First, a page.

The symbolism of the lily can be traced back thousands of years. Lilies have a rich history both for their inherent beauty and the hidden meanings behind the flowers.
The Symbolism of the Lily
The ancient Greek gods were not known for their monogamous relationships. Zeus, the king of the gods and the god of thunder, was no exception. Although the Greek hero Hercules was a son of Zeus, his mother was not Hera, the goddess of marriage and children, and the wife of Zeus. A mortal woman gave birth to Hercules. Zeus drugged Hera and took Hercules to nurse from her while Hera was sleeping. When Hera woke up, she saw the baby and pulled Hercules off of her. Some milk spurted from her breast, forming the Milky Way. A few drops landed on earth, resulting in the first lilies.
The Romans had a similar myth about the origins of lilies as the Greek gods evolved into Roman gods. In addition, another myth involves Venus, the Roman goddess of love. When Venus was birthed from the sea, she saw a lily. The lily was so white and beautiful that Venus was overcome by jealousy. She responded by forcing a large pistil to emerge from the center of the lily, forever marring flower's beauty.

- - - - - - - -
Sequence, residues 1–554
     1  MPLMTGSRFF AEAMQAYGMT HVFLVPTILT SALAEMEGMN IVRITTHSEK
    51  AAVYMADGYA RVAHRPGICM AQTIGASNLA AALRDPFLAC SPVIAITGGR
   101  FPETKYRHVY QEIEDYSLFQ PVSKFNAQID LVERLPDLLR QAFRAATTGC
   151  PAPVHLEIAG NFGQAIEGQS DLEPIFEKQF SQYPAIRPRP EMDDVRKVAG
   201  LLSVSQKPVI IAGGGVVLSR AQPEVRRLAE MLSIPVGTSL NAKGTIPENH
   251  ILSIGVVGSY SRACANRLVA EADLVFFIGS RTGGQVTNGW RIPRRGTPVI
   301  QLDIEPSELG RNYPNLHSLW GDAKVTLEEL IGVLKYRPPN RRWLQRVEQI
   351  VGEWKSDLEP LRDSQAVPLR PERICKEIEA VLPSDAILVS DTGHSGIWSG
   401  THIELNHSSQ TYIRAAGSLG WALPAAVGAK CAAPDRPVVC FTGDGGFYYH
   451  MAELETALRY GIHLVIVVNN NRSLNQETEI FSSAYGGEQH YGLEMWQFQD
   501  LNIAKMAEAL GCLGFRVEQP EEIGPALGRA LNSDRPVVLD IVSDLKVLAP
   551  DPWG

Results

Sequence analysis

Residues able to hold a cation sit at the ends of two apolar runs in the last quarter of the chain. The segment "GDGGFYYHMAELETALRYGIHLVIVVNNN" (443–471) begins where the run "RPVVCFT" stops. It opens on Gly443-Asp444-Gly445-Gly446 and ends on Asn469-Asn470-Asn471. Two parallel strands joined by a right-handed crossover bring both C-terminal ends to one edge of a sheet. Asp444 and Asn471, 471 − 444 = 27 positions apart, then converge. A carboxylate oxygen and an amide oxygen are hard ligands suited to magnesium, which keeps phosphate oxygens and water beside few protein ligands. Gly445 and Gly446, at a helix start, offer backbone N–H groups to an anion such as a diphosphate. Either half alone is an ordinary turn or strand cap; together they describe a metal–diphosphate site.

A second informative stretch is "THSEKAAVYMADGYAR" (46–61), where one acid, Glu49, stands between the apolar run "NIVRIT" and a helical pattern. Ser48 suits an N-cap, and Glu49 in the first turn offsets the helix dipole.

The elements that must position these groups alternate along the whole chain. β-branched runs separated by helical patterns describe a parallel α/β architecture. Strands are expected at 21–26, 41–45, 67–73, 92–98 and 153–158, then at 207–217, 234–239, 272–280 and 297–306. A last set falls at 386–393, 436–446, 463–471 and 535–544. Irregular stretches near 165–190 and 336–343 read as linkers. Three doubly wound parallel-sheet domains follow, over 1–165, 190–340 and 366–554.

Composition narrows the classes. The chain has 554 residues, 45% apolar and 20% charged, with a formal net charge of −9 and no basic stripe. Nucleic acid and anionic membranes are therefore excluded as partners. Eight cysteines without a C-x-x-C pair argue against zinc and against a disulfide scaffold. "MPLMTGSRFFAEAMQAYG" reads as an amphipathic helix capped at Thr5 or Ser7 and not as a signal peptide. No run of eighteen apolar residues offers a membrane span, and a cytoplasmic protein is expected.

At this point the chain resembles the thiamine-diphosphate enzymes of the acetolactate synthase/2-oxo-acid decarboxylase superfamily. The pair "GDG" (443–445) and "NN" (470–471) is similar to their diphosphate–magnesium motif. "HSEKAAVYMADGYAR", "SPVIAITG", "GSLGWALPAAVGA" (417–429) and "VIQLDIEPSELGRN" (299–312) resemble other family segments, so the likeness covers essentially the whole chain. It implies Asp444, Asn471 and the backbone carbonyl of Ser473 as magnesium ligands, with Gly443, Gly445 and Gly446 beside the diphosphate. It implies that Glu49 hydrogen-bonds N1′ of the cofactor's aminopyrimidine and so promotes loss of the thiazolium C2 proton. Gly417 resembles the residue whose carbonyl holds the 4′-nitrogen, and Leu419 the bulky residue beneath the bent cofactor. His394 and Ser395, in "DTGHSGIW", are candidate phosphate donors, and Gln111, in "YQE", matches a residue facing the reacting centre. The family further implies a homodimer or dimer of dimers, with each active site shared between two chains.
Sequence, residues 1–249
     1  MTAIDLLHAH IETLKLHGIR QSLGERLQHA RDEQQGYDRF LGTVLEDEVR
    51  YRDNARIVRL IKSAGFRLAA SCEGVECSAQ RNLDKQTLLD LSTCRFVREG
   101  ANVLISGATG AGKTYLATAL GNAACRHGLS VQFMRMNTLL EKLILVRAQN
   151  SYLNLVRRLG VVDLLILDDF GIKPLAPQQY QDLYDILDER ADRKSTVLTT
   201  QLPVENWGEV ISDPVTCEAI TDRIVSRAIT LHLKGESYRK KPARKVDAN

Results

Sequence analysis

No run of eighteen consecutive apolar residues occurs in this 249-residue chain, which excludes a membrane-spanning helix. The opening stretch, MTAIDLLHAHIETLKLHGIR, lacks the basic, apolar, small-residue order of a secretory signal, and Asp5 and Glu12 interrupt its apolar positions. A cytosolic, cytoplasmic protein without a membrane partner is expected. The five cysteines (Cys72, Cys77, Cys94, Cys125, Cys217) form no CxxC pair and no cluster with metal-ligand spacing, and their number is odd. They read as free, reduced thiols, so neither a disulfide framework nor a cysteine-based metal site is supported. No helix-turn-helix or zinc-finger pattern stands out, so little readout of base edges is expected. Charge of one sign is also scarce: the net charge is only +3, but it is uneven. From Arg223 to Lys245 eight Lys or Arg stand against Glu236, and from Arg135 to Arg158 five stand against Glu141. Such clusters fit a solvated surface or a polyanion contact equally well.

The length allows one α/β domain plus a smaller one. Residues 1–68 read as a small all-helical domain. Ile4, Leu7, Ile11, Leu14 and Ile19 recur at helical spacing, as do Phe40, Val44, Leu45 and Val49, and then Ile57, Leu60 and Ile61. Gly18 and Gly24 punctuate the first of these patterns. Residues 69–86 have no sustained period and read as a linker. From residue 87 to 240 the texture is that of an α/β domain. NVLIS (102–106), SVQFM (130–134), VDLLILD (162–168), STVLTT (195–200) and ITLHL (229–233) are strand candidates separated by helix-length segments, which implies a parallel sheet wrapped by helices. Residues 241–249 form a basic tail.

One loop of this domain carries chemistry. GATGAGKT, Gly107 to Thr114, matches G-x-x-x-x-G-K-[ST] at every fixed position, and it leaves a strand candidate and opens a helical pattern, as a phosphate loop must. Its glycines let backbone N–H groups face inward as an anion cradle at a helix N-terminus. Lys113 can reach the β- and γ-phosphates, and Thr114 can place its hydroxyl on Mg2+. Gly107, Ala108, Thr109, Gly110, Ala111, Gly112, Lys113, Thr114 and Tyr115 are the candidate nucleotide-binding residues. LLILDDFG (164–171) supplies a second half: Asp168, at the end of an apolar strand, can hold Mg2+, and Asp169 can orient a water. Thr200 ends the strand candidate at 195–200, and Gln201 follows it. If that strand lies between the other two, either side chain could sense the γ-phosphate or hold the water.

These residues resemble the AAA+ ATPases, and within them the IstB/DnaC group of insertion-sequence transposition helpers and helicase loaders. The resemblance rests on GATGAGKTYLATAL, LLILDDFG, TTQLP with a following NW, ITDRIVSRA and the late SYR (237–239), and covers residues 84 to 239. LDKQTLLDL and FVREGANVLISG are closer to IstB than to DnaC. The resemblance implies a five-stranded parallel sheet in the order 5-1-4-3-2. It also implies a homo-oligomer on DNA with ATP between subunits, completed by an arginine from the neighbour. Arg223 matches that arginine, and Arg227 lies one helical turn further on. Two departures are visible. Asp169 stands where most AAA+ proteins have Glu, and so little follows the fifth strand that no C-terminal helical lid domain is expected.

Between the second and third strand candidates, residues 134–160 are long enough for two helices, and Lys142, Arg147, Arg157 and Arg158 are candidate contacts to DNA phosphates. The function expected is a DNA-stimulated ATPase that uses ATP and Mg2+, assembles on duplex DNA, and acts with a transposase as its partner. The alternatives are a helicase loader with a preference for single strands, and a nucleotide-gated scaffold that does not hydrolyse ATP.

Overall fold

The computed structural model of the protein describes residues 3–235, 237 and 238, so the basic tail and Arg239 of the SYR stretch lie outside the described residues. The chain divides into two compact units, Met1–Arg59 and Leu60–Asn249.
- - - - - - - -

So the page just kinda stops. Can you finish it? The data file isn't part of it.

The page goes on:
With the advent of Christianity, lily flowers came to represent purity and innocence. Lilies, today, continue to be associated with the Virgin Mary and the resurrection of Jesus Christ. This is why lilies are often used to celebrate Easter.
The Victorians used the metaphor of purity and innocence associated with lilies on gravestones, particularly on women's gravestones. Victorians also connected lilies with majesty and purity.
Today, lilies are not only associated with innocence and purity. Lilies also represent female sexuality. In addition, an orange lily represents hatred and tiger lilies indicate pride and wealth while the pink stargazer lily is a symbol of prosperity.
Idle gardeners might wonder "What do daisies symbolize?" Quite a lot, as it turns out.
Orchid symbolism has a sordid past belied by the flower's gentle elegance.